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My understanding is that tail recursion is recursion where a return value is not necessary to finish the operation; that is, the recursion is the last step in the function, and the rest of the function is done once it makes the recursive call.

To that, I ask if this example (from Mr. Norvig) is tail recursion:

(defparameter *titles*
  '(Mr Mrs Miss Ms Sir Madam Dr Admiral Major General)
  "A list of titles that can appear at the start of a name.")

(defun first-name (name)
  "Select the first name from a name represented as a list." 
  (if (member (first name) *titles*)
     (first-name (rest name))
     (first name)))

Once the final first-name is called as a branch of the if statement, there is nothing else that function does; therefore, it is tail recursion?

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I'd say "that tail recursion is recursion where nothing but a return value is necessary to finish the operation". –  Will Ness Nov 13 '13 at 16:15
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2 Answers 2

up vote 2 down vote accepted

Yup, that is an example.

Tail recursion optimization is available in many implementations of Common Lisp but it is not required by the spec. This means you can have a Common Lisp without tail recursion optimization.

You may also find that the version you are using needs to be poked a bit to perform this optimization.

So in some implementation you may need to use 'declare' to inform your compiler that you want to optimize for speed.

(defun first-name (name)
  "Select the first name from a name represented as a list." 
  (declare (optimize (speed 3) (compilation-speed 0) (debug 0) (safety 1)))
  (if (member (first name) *titles*)
      (first-name (rest name)) 
      (first name)))

Edit: This site is a few years old now but may provide some info.

Also be sure to read the comments as Joshua and Rainer massively improve the detail here.

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I am using sbcl but I am not using declare yet the function works as expected. Are you saying the implementation is not required to optimize the tail recursion, however the implementation should be required by spec to allow the programmer to write a tail recursive function, like the above. –  OpenLearner Nov 13 '13 at 12:31
    
The spec allows for recursive functions but does not mandate that they be tail call optimized even if the code is written in that fashion.... Looking at the sbcl manual I may be wrong about whether sbcl needs the declare. I will change the wording in my answer a bit –  Baggers Nov 13 '13 at 12:40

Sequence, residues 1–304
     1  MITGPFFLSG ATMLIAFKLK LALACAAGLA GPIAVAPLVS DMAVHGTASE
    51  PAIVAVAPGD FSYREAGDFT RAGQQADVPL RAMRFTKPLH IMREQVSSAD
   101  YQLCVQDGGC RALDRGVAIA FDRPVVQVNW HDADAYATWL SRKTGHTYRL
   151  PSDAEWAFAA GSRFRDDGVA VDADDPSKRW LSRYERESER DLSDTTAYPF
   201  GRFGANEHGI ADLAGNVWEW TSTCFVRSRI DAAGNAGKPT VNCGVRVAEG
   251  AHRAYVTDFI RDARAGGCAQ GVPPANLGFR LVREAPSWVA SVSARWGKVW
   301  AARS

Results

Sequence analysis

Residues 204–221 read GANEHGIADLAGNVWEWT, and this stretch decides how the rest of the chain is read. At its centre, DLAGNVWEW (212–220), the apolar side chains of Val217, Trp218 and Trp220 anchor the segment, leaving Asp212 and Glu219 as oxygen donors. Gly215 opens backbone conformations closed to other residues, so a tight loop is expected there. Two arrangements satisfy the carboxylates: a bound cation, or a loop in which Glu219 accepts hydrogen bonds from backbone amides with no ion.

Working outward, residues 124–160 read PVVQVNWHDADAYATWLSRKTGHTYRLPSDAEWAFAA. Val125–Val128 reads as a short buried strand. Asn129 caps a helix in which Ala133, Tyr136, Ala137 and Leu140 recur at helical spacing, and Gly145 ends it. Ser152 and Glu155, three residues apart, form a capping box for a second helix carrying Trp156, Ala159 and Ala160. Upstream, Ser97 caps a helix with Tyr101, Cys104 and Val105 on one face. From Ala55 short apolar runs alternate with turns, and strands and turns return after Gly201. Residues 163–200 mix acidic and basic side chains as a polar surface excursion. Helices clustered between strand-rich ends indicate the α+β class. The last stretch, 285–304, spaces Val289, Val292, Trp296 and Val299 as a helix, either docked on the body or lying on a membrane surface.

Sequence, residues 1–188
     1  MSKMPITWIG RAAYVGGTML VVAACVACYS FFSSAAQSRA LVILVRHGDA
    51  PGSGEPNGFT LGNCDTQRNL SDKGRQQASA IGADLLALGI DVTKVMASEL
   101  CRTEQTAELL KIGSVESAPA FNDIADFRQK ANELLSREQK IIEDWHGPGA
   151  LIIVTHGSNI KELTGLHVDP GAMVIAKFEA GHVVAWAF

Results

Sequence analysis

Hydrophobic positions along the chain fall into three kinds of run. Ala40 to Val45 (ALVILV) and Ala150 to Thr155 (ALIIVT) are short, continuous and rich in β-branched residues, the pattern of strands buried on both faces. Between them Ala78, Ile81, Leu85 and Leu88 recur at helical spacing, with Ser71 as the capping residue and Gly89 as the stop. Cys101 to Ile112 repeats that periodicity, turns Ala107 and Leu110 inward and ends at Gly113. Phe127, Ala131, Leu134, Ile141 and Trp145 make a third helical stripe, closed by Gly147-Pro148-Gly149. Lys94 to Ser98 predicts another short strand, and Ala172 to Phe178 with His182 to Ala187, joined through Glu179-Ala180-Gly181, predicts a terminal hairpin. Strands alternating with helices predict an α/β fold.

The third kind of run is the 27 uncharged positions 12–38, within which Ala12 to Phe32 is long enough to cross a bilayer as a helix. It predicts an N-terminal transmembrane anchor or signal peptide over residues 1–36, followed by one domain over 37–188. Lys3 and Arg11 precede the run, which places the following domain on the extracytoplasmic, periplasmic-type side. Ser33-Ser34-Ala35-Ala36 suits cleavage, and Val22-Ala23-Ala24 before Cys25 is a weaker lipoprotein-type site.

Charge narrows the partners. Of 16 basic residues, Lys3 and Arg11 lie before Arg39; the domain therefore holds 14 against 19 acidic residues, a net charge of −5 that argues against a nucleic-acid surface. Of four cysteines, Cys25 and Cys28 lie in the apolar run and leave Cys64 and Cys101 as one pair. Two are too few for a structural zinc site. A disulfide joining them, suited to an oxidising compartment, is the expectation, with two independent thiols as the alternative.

1  
@Baggers: if the global optimization declaration values already trigger TCO, then the local declare is not necessary. –  Rainer Joswig Nov 13 '13 at 12:45
2  
Btw.: "that you want to optimize for speed" ... that's one way to see it. But it also is: "you want to trade in less debugging capabilities for better space efficiency or better speed". TCO means typically: no call frames for the debugger, no tracing for the tail call, ... –  Rainer Joswig Nov 13 '13 at 13:22
4  
Just a nitpick: a function call is either in tail position or it isn't. Every implementation of Common Lisp allows you to make calls, recursive or not, in tail position. What they don't all do is tail call optimization which reuses the existing stack frame for the function being called in tail position. –  Joshua Taylor Nov 13 '13 at 13:44
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Yes and no. Usually yes. It will also be optimized if the compiler supports TCO and the right optimization settings are active. But sometimes the compiler will not be able to optimize it.

If name would have been declared special, then possibly not.

If there would be something like

(defvar name '(susanne mustermann))

then the parameter name of the function would be declared special (it would use dynamic binding). Then a compiler might not use tail call optimization in the first-name function.

This means that you also need to know whether variable symbols are declared special or not.

That's one of the reasons, global special variables should be written like *name* to prevent special declaration of those local variables which should be lexical variables. In this case a special declaration would also prevent TCO.

We better write:

(defvar *name* '(susanne mustermann))
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